Funeral memorials and rituals have evolved over time and will continue to do so with technology, environmental sustainability and other societal forces impacting the industry. In our previous blog, we explored the history of funeral traditions and rituals, exploring mummification and the evolution of funerals as a profession.
In this article, we take a look at the alternative practices replacing the traditional burial, ceremony and cremation practices.
Green or Natural Burials
What is a green burial?
A green burial is a final way of giving something back to the planet that has sustained you for so long. Ultimately, a green burial is a lot more about representing a person than making a real environmental difference.
Nature lovers, keen gardeners and those considering the eco-friendly movement might choose a wicker or natural fibre coffins and plant-filled resting place as a better fit than a traditional coffin and traditional ceremony. It is worth mentioning there are a lot of laws and regulations around burial processes, so green burials are still more similar to traditional burials than they are different, although the funeral industry is always evolving and changing over time.
For those who are super green, watch out for a very new concept known as “human composting”, on its way from overseas.
With global ideas fluctuating from the functional to the truly mind-boggling and far out; think of this human composting as a way of evading the middleman and giving yourself back to the planet more directly. Multiple companies are attempting to pioneer this movement, which is currently largely based in the UK, Europe and the US; for more information on this radical movement check out Infinity Burial Suit, Urban Death Project and Promessa Organic Company.
Preserve Yourself With Cryonics
If natural burials are not for you, what about being put on ice? Cryonics!
If you, wanted to stay in stasis just in case death is ever curable then this is for you and it looks like Australia is the head of the game. This is one area of death and technology where Australia could be among the world’s first customers.
The town of Holbrook in NSW is soon to host a cryonics facility run by Southern Cryonics. Customers will be able to freeze their bodies for an estimated cost of around $90,000 (AUD).
Are Modern Cemeteries The Future of Burial Ceremonies?
Modern Cemeteries are being built with new constructions to be as space-efficient as possible with an ever-growing population. Cemeteries are utilising the latest technology to do so.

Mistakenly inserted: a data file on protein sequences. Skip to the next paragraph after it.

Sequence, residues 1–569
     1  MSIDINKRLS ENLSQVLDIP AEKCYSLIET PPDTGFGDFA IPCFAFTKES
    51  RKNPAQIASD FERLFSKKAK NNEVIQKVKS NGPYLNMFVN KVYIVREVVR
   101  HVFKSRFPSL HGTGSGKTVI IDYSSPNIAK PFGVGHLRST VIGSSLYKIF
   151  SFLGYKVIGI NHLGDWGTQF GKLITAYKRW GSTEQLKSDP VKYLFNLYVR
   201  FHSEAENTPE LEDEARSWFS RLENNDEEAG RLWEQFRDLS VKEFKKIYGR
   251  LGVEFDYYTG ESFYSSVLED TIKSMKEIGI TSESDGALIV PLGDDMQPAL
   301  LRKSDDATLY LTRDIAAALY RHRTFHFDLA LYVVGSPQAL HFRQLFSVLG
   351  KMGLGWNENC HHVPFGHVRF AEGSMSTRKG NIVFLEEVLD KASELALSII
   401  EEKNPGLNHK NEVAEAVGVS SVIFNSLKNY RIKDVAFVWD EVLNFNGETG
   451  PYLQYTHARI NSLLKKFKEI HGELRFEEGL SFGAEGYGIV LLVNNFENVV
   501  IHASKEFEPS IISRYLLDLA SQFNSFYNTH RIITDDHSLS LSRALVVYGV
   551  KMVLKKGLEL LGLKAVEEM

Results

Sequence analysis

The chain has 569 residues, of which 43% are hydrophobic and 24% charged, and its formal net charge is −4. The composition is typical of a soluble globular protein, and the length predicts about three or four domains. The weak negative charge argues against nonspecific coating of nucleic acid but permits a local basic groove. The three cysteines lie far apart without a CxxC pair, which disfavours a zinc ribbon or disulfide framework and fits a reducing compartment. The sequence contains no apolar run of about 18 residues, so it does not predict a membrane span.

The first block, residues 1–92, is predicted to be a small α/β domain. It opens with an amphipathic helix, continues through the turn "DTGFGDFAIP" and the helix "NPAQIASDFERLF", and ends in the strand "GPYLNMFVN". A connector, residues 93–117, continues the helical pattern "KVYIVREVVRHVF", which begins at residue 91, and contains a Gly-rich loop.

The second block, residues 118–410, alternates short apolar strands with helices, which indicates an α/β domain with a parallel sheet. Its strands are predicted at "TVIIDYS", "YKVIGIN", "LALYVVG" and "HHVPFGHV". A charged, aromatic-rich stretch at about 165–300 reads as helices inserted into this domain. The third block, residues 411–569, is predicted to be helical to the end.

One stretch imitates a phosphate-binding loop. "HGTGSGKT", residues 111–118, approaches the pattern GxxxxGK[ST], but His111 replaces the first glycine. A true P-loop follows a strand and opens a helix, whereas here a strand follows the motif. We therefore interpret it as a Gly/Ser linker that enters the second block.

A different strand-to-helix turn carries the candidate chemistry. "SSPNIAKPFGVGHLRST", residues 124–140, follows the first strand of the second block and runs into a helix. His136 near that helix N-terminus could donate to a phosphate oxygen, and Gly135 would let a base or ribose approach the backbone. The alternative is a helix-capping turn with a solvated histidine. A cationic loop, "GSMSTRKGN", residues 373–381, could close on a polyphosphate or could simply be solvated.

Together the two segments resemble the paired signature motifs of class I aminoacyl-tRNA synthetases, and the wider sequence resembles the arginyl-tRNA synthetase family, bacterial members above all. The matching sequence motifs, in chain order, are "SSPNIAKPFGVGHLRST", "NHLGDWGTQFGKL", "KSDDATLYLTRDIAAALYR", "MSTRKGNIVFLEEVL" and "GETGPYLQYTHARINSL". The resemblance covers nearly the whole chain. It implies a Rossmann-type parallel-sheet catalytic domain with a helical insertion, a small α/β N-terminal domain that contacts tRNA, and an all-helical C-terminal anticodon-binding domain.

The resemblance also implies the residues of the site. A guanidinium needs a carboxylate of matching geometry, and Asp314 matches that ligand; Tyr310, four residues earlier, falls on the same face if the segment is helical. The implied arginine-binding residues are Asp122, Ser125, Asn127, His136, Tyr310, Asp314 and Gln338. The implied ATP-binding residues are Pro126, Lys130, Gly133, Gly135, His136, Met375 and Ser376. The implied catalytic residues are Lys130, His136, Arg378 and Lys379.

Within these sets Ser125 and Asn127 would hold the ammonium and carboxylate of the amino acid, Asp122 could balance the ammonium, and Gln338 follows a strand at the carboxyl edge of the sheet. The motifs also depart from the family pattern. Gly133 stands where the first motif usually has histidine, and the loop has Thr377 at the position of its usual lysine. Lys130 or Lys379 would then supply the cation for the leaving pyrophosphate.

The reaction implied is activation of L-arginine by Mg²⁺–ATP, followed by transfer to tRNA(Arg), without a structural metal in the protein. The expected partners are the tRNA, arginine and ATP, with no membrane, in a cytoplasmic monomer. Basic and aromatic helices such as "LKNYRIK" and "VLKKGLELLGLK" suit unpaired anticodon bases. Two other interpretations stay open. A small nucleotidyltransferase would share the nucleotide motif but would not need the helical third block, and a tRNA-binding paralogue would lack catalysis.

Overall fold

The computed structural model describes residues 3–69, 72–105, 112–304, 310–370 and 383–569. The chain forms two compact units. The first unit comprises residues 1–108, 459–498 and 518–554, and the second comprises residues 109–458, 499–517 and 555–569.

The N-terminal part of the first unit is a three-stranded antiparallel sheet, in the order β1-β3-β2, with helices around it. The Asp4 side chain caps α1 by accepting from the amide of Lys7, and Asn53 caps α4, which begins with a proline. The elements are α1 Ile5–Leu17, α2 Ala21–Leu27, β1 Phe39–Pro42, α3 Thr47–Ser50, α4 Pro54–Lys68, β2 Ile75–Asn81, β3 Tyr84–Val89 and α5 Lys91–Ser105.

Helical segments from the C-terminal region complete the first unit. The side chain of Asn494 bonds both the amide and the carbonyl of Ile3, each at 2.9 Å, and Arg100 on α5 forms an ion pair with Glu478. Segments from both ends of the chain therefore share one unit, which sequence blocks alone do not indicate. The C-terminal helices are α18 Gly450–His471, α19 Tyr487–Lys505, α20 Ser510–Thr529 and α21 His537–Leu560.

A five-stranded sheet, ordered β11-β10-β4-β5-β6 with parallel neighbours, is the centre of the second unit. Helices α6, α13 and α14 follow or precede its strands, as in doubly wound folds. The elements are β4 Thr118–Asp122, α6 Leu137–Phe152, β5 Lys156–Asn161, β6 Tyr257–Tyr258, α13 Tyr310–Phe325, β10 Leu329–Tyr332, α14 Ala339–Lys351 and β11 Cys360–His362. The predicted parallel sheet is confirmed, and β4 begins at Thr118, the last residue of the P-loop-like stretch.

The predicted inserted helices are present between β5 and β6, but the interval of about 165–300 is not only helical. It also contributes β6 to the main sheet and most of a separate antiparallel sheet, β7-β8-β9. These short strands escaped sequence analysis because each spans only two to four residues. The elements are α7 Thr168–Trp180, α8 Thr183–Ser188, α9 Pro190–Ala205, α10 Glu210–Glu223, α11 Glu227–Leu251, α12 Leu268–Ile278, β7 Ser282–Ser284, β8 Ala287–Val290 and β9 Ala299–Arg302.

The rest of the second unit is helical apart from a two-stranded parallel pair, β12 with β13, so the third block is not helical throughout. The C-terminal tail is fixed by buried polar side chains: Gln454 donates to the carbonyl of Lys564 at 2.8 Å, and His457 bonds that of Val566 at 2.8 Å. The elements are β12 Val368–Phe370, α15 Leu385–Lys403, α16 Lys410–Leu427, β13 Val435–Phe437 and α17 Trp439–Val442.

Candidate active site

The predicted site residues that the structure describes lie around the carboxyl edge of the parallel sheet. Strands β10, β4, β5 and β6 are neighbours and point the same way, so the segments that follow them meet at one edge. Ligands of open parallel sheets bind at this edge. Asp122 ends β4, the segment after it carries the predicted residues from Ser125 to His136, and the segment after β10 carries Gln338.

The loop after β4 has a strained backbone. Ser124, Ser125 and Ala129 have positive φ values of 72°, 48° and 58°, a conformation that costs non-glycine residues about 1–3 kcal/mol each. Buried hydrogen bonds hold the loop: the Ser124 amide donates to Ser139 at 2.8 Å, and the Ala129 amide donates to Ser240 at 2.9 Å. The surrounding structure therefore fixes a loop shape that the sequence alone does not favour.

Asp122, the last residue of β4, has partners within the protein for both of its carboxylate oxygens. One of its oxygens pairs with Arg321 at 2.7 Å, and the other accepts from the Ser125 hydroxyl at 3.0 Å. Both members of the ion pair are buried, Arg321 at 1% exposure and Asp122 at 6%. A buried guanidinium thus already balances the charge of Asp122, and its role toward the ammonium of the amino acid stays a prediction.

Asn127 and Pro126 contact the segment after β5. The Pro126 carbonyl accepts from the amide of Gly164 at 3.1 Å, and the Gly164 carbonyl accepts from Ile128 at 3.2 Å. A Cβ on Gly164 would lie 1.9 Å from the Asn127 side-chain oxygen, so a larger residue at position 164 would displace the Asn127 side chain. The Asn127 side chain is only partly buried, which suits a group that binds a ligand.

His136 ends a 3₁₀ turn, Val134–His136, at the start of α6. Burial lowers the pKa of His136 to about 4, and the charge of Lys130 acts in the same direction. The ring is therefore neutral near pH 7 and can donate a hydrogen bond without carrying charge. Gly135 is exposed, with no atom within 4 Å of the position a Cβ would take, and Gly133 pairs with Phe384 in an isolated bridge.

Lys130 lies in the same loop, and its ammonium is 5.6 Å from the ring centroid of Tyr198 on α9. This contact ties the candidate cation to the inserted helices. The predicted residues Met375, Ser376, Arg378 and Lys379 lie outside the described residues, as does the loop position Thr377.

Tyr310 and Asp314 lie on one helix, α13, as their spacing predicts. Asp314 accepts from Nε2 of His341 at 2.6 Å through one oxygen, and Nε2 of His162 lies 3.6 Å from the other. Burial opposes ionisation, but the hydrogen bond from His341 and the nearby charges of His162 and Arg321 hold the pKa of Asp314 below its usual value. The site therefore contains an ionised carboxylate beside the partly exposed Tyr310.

Locally, Woronora in Sydney’s south recently built a modern cemetery to make use of relatively new geopolymer concrete, using prefabricated gravesites that share walls rather than being separated. Instead of being separated by soil, the water-resistant geopolymer concrete walls touch each other, much like terrace houses. As a result, interment will be faster and the maintenance will cost less. The geopolymer concrete is also better for the environment than other concrete by emitting 80% less carbon dioxide when it is made.
Internationally, another example is the Yarkon Cemetery in Israel, which takes a more severe approach to conserve land, using tiered burial grounds rising several storeys high. While the idea may seem odd to some, vertical cemeteries already exist where populations are dense and land is scarce, such as in China, Japan, Egypt and even New Orleans, where high waters make burial difficult.
Brazil is home to the world’s tallest vertical cemetery, the Memorial Necropole Ecumenica in Santos, which is 32 stories high, it houses thousands of graves, wake rooms, a garden, chapel and even a snack bar. In India, the Moksha Tower building will be split up into different sections for the four main religions practised in Mumbai and will be even taller.
In many Asian cities, where populations are ageing and increasing in density, planners are designing the cemeteries of the future to be compact and high-capacity.
In Hong Kong to aid with population supply and demand of cemeteries, a local design firm has drawn up plans for a sea-borne cemetery called ‘the Floating Eternity.’ This floating cemetery could potentially house the remains of several hundred thousand deceased residents. This is truly a brave new world!
Plans for floating cemeteries drifting along Hong Kong’s coastline could be the solution to the country’s lack of land space and aging population.
The future for cremated memorials
What can I do with ashes or cremated remains?
Personally, I want to be compressed into a diamond and handed down through my family; but the options are endless:
- Have your ashes placed into an urn
- Become a tree by planting them in a beautiful biodegradable urn
- Scatter your ashes at sea, or space, as Capsula Mundi
- Mixed ashes with concrete to build artificial reefs
- Compress ashes into diamonds
- Add ashes to a pocket watch, jewellery or inside an hourglass
- Mix ashes with tattoo ink
- Have your ashes pressed into a vinyl record, the record can be of anything you want, from bird sounds to your favourite song, multiple copies for multiple people.
- Turn your ashes into fireworks and go out with a bang!
Of course, many of these are out there ideas that only a select few might consider. The reality is that the important decision of where to go after-life, and how to get there, is completely up to you as an individual.
Take the time to have the discussions with family and friends now as funerals of the future are here to stay and they offer near limitless options.